Telehealth services are not new features of modern-day medicine. They have been lingering in the background for several years, pushed to the forefront by the coronavirus pandemic.
The outbreak of COVID-19 prompted social distancing measures, which altered the course of everyday life – from how we shop for groceries, how we worship in our religious settings, how we celebrate life’s milestones, and how we visit and consult our physicians and healthcare providers.
You may have been using certain telehealth concepts without realizing it, such as accessing your patient portal to review lab results, and confirming medical appointments or refilling prescriptions via text messaging. However, accessing medical consultations and services using a computer, laptop, tablet or smartphone became a widely promoted healthcare tool as the virus began to surge.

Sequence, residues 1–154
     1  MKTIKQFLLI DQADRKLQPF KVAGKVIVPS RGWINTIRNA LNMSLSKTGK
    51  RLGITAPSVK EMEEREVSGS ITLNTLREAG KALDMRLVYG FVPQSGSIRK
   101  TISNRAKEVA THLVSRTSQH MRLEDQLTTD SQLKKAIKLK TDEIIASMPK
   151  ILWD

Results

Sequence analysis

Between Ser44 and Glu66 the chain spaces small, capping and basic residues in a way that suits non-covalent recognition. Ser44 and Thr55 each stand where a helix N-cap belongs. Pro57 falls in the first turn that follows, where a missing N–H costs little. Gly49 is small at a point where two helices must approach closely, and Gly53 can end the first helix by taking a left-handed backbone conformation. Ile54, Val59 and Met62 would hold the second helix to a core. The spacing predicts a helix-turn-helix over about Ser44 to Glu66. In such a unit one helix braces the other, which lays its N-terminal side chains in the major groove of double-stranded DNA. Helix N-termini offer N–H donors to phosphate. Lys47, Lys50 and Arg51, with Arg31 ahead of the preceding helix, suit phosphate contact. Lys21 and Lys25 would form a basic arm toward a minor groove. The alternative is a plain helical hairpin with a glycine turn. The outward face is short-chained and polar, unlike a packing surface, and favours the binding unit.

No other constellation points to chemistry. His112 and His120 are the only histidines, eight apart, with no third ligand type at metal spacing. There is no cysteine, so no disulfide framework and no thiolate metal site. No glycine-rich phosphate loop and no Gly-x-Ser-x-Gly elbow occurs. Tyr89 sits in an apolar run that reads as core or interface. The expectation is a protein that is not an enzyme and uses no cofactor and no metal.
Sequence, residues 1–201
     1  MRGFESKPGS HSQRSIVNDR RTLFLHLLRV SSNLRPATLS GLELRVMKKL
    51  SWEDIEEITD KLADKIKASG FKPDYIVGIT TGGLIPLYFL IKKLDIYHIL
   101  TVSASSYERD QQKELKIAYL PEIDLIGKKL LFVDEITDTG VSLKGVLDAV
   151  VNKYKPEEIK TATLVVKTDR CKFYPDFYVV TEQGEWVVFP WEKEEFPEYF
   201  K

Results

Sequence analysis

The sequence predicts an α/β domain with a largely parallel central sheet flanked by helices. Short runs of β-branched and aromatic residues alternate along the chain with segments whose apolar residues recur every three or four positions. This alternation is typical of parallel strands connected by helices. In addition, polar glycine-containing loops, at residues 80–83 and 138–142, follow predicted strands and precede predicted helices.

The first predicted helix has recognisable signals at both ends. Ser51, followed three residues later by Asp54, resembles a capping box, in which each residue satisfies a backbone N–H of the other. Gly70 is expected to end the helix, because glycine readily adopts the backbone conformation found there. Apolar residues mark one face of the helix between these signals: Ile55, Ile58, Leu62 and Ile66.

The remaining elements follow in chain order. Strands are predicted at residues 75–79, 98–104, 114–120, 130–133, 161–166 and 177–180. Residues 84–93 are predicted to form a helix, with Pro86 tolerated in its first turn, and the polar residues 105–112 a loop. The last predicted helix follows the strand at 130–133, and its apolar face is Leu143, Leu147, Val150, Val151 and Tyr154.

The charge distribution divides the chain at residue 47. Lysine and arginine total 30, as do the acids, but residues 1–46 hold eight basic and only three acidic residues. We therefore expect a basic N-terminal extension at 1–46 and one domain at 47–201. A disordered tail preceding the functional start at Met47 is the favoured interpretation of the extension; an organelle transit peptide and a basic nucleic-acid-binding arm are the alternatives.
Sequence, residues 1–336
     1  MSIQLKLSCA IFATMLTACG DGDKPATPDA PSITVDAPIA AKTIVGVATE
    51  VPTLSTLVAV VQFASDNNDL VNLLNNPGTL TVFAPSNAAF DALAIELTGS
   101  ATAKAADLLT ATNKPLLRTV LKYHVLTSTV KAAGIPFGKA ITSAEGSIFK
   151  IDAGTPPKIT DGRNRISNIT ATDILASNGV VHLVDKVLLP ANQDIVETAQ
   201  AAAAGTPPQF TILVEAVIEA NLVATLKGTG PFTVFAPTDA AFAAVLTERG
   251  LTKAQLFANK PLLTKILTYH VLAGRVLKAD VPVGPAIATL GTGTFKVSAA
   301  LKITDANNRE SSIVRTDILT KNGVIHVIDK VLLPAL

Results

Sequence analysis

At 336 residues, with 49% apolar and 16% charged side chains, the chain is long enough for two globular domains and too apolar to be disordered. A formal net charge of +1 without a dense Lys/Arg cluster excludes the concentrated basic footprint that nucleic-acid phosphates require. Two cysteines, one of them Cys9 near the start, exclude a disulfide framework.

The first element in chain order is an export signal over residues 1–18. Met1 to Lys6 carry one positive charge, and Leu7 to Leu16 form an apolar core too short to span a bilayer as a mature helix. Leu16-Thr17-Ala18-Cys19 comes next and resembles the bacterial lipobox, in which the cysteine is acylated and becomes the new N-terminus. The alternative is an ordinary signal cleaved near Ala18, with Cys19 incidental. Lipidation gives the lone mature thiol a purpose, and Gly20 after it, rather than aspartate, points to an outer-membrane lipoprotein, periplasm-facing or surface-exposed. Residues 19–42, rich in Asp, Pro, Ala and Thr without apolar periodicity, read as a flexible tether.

As the population was urged to maintain their social distance and stay home to stay safe, patients were encouraged to consult their healthcare providers by phone before coming to the office, and in some cases, routine or non-urgent appointments were conducted via videoconference or phone call. Telehealth visits through phone or video chat have become routine at Milford Regional Physician Group. Both providers and patients find this method of care convenient, accessible and a good alternative during a time when social distancing is key.
One recent example of telehealth was the launching of the Buoy’s COVID-19 symptom checker on the state’s website, Mass.gov. The online tool is a questionnaire to help assess your symptoms and direct you to the most appropriate resource.
In addition to the patient portal and virtual appointments, telehealth services can include remote monitoring, virtual consultations among primary care doctors and specialists and personal health apps, as outlined recently by the Mayo Clinic.
As with most technological advancements, telehealth is constantly evolving. Many of these telehealth services may remain in place, and expand as needed. One thing does remain constant, however – in case of a medical emergency, seek immediate treatment at Milford Regional Medical Center, or the hospital emergency room closest to you.